Critical Habitat Designated for the Kootenai River White Sturgeon
The U.S. Fish and Wildlife Service today published the final rule designating approximately 18.3 river miles (RM) [29.5 river kilometers (RKM)] of the Kootenai River as critical habitat for the endangered Kootenai River white sturgeon (Acipenser transmontanus), a rare fish found in Idaho, Montana and British Columbia, Canada.
Critical habitat is designated in the braided reach, which begins at RM 159.7 (RKM 257), below the confluence with the Moyie River, and extends downstream within the Kootenai River, into the meander reach, to RM 141.4 (RKM 228) below Shorty’s Island.
This rule becomes effective August 8, 2008.
In developing this final critical habitat rule for the Kootenai sturgeon, we reviewed peer review and public comments received on the interim rule and draft economic analysis published on February 8, 2006, as well as a second round of peer review comments received specifically on the primary constituent elements (PCEs). Based on comments received and new scientific information provided to us, this final rule modifies the interim final rule.
There were essentially two modifications made to this final rule from the interim final rule of 2006:
1. To more accurately reflect the best available science, the minimum depth necessary for spawning site selection by white sturgeon in the Kootenai River has been increased from 16 feet to 23 feet.
2. This final rule corrects the river mile totals stated in the interim rule to clarify that 7.1 river miles are being added to our 2001 designation of 11.2 river miles, for a total of 18.3 river miles. The area designated as critical habitat in the interim final rule remains unchanged in this final rule.
One of 18 land-locked populations of white sturgeon known to occur in western North America, the Kootenai River white sturgeon was listed as endangered on September 6, 1994. The sturgeon occur in Idaho, Montana and British Columbia, Canada, and are restricted to approximately 167.7 river miles of the Kootenai River from Kootenai Falls, Montana, below Libby Dam, Montana, downstream through Kootenay Lake to Corra Linn Dam at the outflow from Kootenay Lake in British Columbia. Approximately 45 percent of the species’ range is located within British Columbia.
The Kootenai River white sturgeon population is threatened by dam operations, flood control operations, water quality degradation and loss of habitat. Modifications of the Kootenai River white sturgeon's habitat have changed the natural hydrology of the Kootenai River, altering white sturgeon spawning, egg incubation and rearing habitats while reducing overall biological productivity. These factors have contributed to reduced numbers of surviving young sturgeon for the past 31 years. The adult population has been decreasing at a rate of 9 percent per year.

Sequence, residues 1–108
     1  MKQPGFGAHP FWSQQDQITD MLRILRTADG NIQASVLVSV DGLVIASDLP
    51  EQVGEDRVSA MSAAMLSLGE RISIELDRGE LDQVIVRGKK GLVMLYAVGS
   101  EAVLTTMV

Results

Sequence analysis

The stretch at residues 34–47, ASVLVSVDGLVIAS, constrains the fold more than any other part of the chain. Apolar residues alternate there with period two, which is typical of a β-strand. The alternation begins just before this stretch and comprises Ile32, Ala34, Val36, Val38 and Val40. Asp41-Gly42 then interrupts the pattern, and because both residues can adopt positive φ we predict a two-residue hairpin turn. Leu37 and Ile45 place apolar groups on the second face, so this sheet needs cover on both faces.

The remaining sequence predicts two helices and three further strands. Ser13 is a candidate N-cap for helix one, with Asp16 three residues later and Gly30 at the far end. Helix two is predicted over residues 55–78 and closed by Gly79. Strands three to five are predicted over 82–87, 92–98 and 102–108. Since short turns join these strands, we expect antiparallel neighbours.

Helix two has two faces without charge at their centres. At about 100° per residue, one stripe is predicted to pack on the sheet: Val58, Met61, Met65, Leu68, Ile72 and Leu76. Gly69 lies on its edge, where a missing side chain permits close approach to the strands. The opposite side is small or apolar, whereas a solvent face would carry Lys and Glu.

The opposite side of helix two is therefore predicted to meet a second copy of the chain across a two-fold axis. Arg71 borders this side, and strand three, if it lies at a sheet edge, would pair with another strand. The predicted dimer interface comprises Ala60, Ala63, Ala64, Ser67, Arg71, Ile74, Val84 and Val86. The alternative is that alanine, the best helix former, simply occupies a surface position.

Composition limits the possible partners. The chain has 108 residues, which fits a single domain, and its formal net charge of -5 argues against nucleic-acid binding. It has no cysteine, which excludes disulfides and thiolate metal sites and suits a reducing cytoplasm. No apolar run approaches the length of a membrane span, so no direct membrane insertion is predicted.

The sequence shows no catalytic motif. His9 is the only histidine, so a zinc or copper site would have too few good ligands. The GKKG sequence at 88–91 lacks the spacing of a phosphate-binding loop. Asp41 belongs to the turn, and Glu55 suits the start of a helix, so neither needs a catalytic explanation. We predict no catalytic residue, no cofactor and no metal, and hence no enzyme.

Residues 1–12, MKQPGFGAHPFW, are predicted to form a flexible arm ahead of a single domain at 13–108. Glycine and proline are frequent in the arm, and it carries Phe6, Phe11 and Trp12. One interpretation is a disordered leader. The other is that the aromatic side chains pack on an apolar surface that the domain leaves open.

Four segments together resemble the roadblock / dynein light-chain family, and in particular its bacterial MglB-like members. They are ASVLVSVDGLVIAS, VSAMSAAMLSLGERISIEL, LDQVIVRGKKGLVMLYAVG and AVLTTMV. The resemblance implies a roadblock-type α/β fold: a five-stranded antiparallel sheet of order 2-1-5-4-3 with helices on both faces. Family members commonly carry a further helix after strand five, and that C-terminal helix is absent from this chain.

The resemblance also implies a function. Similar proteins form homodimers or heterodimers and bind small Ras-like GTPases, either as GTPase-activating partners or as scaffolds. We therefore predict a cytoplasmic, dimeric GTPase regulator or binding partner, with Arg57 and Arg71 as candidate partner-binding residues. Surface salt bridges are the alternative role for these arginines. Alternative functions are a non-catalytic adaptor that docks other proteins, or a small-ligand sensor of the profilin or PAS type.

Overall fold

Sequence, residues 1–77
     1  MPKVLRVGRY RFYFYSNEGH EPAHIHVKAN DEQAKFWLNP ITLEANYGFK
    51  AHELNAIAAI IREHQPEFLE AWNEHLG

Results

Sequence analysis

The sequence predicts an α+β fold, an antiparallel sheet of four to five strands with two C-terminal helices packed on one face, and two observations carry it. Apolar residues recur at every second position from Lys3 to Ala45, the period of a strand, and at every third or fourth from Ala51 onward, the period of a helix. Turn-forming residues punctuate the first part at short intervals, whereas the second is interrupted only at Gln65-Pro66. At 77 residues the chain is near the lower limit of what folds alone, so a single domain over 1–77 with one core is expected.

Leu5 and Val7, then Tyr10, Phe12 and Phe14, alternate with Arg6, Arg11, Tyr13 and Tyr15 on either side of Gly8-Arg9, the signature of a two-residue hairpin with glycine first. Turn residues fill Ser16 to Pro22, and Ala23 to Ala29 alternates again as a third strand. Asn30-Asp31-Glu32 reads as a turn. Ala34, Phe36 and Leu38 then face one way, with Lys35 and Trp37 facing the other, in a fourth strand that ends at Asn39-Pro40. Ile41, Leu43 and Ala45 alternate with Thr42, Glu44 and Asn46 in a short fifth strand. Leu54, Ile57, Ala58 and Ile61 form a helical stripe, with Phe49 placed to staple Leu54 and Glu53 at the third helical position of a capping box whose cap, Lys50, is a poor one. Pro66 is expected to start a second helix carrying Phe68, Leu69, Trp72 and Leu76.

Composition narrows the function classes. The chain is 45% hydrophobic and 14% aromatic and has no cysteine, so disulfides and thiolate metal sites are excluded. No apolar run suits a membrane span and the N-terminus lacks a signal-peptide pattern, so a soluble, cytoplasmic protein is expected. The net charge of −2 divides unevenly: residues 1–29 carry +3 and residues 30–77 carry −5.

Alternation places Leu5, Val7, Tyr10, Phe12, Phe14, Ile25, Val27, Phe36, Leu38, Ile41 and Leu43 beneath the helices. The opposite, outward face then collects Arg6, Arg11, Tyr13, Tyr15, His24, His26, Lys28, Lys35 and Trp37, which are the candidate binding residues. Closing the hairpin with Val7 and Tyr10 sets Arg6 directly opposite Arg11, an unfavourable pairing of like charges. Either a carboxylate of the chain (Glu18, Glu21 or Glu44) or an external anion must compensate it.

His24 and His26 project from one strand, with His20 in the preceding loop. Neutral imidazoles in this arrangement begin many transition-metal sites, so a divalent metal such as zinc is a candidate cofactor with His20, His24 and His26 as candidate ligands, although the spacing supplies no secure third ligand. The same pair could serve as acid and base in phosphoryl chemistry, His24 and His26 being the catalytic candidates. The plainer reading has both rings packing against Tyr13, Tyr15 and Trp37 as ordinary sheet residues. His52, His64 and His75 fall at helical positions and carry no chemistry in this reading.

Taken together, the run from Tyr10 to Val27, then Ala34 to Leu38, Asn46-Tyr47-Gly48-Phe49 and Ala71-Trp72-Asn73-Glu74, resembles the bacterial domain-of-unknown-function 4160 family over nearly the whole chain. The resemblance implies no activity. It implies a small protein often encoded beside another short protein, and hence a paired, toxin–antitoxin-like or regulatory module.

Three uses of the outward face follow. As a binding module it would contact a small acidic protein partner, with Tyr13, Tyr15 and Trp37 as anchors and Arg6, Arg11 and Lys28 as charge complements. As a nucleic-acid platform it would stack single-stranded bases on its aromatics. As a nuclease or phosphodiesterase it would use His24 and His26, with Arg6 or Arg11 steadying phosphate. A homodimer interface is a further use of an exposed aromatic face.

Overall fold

Critical habitat is a component of the federal Endangered Species Act. It identifies geographic areas that contain features essential for the conservation of a threatened or endangered species and that may require special management or protection. The designation of critical habitat does not affect land ownership or establish a refuge, wilderness, reserve, preserve or other conservation area. It does not allow government or public access to private lands. A critical habitat designation does not impose restrictions on private lands unless Federal funds, permits or activities are involved. Federal agencies that undertake, fund or permit activities that may affect critical habitat are required to consult with the Service to ensure that such actions do not adversely modify or destroy critical habitat.
The final rule designating critical habitat for the Kootenai white sturgeon was published in today’s Federal Register. A copy of the final rule can be obtained by contacting Jason Flory at 509-893-8003 or by visiting http://www.fws.gov/easternwashington.
FOR FURTHER INFORMATION CONTACT: Susan Martin, Field Supervisor, Upper Columbia Fish and Wildlife Office, 11103 E. Montgomery Drive, Spokane, WA 99206, (telephone: 509–891–6839; facsimile: 509–891–6748).
The mission of the U.S. Fish and Wildlife Service is working with others to conserve, protect and enhance fish, wildlife, plants and their habitats for the continuing benefit of the American people. We are both a leader and trusted partner in fish and wildlife conservation, known for our scientific excellence, stewardship of lands and natural resources, dedicated professionals and commitment to public service. For more information on our work and the people who make it happen, visit www.fws.gov.